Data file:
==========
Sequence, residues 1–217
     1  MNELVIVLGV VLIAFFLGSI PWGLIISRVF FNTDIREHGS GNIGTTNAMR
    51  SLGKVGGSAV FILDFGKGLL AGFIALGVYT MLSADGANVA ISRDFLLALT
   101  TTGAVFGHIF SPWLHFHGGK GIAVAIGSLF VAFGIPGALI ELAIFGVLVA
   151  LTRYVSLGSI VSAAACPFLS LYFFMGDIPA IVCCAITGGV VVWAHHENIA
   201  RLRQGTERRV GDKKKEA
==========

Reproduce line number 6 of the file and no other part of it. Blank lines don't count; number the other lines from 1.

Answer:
   201  RLRQGTERRV GDKKKEA